Tuesday, May 24, 2022
May 24, 2022

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Washington Legislature considers curbing governor’s emergency powers

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OLYMPIA, Wash. (AP) — Majority Democrats in the Legislature are indicating they may be open to putting restrictions on the governor’s broad emergency powers as Washington’s COVID-19 state of emergency approaches two years.

Northwest Public News reports the Senate’s State Government and Elections Committee held a public hearing Friday on a proposal from state Sen. Emily Randall, a Democrat, which would authorize top leaders in the House and Senate — if they all agreed — to terminate a governor-declared state of emergency after 90 days.

“There is a gap in the checks and balances of our system of government,” Randall told the committee. “There is a place where we don’t have an equal balance of power and this bill aims to address that.”

Randall’s bill, which has seven other Democratic cosponsors, would also allow the majority and minority leaders in the Senate and the speaker and minority leader of the House to end any gubernatorial order that prohibits activities.

Additionally, Randall’s bill would make permanent the Legislature’s current role in helping to decide how federal funds are spent during an emergency.

This new legislative oversight during a state of emergency would apply only when the Legislature isn’t in session. The bill does not address the Legislature’s role in managing an emergency while in session.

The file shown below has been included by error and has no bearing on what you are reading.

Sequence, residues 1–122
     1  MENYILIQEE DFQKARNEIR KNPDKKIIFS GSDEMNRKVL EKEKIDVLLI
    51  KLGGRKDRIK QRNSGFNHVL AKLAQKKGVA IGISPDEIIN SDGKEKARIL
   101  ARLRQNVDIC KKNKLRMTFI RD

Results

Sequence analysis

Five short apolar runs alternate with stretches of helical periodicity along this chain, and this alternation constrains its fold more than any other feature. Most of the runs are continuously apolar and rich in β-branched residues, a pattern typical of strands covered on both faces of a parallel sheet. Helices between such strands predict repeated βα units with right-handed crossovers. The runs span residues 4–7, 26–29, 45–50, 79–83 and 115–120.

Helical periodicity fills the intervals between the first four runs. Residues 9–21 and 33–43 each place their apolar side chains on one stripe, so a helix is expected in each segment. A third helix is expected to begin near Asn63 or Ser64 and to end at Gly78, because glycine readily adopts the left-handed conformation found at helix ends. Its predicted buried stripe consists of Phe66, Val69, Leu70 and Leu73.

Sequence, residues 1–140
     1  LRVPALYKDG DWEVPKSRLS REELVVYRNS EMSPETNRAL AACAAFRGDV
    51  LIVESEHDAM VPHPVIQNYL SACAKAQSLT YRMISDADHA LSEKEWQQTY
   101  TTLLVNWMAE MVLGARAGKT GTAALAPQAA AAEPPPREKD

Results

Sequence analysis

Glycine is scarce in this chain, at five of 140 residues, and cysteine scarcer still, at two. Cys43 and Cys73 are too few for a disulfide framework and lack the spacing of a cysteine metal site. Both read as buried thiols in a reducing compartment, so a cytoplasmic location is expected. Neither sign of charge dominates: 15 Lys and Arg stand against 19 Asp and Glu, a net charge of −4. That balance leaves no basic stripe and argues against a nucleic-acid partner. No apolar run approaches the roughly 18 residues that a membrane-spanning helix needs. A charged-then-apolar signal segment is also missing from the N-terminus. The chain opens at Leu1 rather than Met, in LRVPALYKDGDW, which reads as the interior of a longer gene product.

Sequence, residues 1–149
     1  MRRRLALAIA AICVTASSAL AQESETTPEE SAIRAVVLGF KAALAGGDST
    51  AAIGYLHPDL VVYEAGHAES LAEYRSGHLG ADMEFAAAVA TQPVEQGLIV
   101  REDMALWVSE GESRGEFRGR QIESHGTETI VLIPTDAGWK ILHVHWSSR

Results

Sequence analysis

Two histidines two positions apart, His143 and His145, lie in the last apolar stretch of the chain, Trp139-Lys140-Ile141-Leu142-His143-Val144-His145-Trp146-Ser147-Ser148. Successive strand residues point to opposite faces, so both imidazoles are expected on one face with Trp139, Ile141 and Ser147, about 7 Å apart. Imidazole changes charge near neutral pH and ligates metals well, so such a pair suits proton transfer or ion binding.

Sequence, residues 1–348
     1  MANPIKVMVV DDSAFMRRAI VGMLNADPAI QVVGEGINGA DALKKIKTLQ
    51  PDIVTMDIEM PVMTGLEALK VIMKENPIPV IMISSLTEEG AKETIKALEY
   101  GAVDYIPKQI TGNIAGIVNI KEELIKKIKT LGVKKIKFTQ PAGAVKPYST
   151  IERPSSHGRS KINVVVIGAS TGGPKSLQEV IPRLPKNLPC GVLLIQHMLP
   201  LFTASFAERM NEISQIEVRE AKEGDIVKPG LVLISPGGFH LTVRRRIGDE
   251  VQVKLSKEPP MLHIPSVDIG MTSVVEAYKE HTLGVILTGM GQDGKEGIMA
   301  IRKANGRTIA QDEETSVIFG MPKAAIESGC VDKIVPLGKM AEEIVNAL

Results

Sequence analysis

Currently, Washington’s emergency powers law places no time limits on the length of a state of emergency. It also allows the governor to issue sweeping emergency proclamations, such as Gov. Jay Inslee’s stay home order early on in the pandemic.

The Legislature’s role is limited to approving or rejecting any waiver or suspension of state law after 30 days — something it’s done dozens of times since the start of the pandemic. If the Legislature is in session, then the entire House and Senate must vote on those extensions. When lawmakers are not in session, the job falls to the top leaders in each legislative caucus.

Minority Republicans, who’ve opposed many of Inslee’s COVID-19 orders, have been calling for months to make changes to the state’s emergency powers act.

“Almost 700 days into this state of emergency, our Senate Democrat colleagues are finally acknowledging there’s an issue involving emergency powers,” said Republican state Sen. Lynda Wilson in a statement.

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